Content ID

336026

GRAINS-Soybean futures rally on China easing COVID restrictions

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Weaker dollar improves U.S. export outlook

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Commodities rise as China relaxes some COVID curbs

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Corn market gains boosted by strength in crude oil market

(Rewrites throughout, adds quote, updates prices, adds bullet points, changes byline, changes dateline from HAMBURG)

By P.J. Huffstutter

CHICAGO, Nov 11 (Reuters) - Chicago wheat, corn and soybeans rose on Friday, underpinned by strong commodities and equities markets, as well as hopes that China's easing of COVID-19 restrictions could boost demand.

Soybeans bounced on hopes that China's move to ease some COVID-19 curbs might spur economic activity, potentially boosting demand for goods including soybeans.

China on Friday shortened quarantine by two days for close contacts of infected people and for inbound travellers, and removed a penalty for airlines for bringing in too many cases. The loosening of curbs cheered markets even as experts cautioned that reopening probably remained a long way off.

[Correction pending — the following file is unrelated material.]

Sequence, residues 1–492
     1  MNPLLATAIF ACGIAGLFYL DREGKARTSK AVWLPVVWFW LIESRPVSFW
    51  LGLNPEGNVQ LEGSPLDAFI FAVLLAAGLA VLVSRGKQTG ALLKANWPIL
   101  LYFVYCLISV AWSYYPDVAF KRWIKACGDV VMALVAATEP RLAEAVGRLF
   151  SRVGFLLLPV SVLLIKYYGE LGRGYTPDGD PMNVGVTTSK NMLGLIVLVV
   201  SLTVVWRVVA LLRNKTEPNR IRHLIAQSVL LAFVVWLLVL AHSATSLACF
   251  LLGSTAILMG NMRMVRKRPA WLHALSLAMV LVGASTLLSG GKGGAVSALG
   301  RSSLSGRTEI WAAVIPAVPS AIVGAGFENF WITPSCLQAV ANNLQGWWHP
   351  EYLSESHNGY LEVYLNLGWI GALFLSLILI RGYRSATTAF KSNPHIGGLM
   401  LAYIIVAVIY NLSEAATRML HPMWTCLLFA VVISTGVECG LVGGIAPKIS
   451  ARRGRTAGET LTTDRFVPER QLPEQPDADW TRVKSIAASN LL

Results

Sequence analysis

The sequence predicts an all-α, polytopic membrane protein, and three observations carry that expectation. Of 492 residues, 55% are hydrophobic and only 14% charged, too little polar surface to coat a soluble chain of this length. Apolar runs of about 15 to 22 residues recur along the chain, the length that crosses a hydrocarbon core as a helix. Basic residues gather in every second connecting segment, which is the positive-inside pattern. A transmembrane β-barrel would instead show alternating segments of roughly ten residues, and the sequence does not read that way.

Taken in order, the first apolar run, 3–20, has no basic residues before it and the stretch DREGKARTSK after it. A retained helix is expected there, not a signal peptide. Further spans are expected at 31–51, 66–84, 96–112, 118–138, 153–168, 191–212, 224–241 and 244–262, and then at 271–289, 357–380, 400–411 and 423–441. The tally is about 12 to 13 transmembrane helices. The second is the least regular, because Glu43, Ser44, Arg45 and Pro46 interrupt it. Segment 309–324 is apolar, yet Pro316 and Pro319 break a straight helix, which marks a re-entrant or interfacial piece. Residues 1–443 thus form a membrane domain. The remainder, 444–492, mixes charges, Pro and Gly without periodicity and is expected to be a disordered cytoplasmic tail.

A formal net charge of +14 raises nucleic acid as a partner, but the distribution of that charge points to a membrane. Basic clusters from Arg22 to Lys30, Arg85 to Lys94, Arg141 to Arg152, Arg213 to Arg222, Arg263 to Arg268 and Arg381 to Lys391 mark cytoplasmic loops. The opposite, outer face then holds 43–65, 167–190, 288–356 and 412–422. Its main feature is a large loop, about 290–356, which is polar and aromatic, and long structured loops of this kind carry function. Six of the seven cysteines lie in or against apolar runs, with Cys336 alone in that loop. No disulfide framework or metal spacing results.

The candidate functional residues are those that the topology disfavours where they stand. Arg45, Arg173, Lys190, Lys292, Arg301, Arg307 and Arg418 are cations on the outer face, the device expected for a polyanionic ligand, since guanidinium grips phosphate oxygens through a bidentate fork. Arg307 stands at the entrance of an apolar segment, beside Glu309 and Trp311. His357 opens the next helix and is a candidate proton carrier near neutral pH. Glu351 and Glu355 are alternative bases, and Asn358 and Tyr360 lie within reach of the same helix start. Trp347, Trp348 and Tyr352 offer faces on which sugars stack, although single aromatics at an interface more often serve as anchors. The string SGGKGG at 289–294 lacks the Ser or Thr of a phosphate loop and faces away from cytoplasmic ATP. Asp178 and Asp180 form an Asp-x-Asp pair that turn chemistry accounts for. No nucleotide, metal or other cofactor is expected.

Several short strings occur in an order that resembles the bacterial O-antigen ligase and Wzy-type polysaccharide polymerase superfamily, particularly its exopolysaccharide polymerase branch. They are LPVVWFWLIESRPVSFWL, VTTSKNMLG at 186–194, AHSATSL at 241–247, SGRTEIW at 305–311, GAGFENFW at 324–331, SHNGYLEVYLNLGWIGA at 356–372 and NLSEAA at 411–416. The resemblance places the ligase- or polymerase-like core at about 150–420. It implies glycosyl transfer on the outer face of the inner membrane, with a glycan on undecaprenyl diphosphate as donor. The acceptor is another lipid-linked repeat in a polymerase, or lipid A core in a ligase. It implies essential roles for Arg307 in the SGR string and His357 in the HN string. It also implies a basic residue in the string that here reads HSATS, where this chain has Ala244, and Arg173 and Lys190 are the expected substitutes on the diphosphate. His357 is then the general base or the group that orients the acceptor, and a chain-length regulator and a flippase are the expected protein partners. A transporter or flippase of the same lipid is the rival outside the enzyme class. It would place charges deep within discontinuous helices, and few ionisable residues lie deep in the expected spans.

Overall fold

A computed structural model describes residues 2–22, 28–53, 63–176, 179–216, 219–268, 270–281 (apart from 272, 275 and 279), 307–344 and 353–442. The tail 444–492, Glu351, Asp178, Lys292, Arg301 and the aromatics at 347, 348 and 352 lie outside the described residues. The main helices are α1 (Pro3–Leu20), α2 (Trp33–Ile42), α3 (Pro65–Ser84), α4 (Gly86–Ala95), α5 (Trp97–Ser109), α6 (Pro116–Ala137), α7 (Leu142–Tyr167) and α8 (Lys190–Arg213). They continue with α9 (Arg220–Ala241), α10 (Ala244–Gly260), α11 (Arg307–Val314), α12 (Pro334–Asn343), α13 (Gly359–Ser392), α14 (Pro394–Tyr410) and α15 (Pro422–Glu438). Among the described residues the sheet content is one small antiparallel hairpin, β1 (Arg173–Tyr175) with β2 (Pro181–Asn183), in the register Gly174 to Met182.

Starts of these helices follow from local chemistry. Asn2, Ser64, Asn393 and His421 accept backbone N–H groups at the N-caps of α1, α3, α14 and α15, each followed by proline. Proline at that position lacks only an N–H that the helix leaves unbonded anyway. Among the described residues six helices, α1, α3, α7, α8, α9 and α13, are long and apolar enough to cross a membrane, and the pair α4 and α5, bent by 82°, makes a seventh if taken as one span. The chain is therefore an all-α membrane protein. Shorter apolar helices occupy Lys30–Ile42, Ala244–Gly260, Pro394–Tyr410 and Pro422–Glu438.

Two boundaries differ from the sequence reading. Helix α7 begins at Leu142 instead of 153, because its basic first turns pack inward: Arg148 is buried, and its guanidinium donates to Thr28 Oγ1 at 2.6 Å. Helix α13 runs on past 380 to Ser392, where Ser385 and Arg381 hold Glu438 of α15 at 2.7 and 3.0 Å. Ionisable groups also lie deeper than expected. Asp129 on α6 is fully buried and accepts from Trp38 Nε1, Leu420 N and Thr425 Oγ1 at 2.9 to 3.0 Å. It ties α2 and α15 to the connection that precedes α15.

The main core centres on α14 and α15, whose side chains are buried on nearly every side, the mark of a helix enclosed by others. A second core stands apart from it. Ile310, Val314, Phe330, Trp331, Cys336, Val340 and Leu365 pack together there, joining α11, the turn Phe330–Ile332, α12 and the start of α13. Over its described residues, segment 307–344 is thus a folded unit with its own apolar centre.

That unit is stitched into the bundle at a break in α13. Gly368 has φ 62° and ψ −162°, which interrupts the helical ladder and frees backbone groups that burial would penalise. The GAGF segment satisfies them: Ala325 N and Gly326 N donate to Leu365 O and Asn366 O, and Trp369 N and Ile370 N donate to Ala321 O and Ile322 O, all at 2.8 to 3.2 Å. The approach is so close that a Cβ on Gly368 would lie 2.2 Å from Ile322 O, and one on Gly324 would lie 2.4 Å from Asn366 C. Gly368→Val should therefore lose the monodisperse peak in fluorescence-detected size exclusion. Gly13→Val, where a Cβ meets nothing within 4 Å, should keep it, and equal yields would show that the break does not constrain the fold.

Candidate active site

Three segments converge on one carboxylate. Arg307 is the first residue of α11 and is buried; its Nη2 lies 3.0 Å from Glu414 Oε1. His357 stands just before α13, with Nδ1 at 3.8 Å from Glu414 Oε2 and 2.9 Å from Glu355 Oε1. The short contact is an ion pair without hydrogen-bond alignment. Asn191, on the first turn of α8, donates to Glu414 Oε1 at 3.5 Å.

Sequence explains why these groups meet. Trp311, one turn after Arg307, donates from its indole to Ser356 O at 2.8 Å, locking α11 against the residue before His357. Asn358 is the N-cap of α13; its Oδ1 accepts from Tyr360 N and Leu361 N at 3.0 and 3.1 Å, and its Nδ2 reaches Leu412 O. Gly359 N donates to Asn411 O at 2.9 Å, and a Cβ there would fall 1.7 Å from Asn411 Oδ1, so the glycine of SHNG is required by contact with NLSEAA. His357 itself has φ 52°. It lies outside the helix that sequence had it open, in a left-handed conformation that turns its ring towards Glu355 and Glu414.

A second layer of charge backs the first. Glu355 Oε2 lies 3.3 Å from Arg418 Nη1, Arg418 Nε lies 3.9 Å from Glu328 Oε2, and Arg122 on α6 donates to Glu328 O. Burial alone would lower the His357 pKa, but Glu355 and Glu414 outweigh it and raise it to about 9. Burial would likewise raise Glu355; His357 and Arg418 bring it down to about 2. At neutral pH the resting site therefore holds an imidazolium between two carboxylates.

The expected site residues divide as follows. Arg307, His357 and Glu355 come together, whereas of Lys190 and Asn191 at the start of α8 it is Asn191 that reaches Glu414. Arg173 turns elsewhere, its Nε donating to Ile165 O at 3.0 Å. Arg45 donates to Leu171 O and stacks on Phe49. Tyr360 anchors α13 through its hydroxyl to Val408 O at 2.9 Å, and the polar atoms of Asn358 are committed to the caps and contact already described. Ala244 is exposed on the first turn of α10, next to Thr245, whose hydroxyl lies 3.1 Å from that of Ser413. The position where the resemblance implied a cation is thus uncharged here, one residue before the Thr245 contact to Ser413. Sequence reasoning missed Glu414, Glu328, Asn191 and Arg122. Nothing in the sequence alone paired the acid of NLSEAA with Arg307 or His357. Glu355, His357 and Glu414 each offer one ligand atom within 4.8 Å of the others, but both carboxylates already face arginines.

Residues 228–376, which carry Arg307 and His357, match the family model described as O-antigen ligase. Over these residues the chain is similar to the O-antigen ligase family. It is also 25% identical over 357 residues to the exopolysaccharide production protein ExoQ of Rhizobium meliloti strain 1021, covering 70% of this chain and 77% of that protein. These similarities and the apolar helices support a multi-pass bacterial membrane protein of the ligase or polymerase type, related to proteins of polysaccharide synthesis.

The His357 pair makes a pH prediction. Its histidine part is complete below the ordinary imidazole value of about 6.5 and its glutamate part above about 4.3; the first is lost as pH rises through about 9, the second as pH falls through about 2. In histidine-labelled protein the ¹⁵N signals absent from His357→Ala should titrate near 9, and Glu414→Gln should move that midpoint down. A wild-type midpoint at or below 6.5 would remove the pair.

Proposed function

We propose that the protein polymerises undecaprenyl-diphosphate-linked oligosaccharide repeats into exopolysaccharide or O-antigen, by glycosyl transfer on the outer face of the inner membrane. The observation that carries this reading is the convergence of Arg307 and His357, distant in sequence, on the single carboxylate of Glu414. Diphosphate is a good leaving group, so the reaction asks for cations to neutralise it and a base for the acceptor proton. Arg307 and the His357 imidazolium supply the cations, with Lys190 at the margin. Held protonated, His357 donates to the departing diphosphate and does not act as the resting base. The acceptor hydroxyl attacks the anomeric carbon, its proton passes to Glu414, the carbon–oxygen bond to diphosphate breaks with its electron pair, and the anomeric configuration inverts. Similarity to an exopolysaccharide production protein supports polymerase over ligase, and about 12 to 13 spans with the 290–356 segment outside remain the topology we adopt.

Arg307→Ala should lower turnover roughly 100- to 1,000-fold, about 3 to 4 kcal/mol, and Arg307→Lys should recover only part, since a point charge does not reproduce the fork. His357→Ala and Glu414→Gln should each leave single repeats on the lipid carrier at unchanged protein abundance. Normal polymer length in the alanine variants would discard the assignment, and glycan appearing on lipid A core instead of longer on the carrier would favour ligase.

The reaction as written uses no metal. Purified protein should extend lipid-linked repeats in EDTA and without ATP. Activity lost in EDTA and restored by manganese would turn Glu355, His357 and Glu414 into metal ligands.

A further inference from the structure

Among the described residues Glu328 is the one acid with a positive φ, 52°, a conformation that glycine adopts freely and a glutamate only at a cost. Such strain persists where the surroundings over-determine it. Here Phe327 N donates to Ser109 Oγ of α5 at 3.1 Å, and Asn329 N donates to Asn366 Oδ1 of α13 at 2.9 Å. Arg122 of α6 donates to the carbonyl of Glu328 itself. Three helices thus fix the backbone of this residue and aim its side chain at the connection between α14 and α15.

"The market is viewing that news as something spectacular," said Jack Scoville, market analyst at the Price Futures Group.

Strength in crude oil also lent support to soybeans, as well as the corn market on the day. Corn sometimes follows trends in crude oil, due to its role as the main U.S. feedstock for ethanol fuel.

And the dollar dipped for a second trading day, as investors bet that peaking U.S. inflation will prompt the Federal Reserve to hold back interest rate hikes.

That, in turn, bolstered agricultural commodities, as a weaker dollar is typically seen as making U.S. goods more competitive on the global market, traders said.

Wheat futures firmed on bargain buying, a day after the CBOT December contract dipped to a two-month low, and ongoing uncertainty about grain exports from war-torn Ukraine.

Talks between a Russian delegation and senior U.N. officials to address Moscow's grievances about the Black Sea grains export initiative began in Geneva, with the present agreement expiring on Nov. 19, plus efforts to smooth shipments of Russian food and fertilisers, a U.N. spokesperson said.

Chicago Board of Trade most active wheat was up 7-3/4 cents at $8.11-1/4 a bushel at 1642 GMT. Corn rose 4-1/4 cents to $6-57-1/2 a bushel, and soybeans were up 29 cents at $14.52 a bushel. (Additional reporting by Michael Hogan in Hamburg, additional reporting by Naveen Thukral in Singapore, Editing by Kirsten Donovan)

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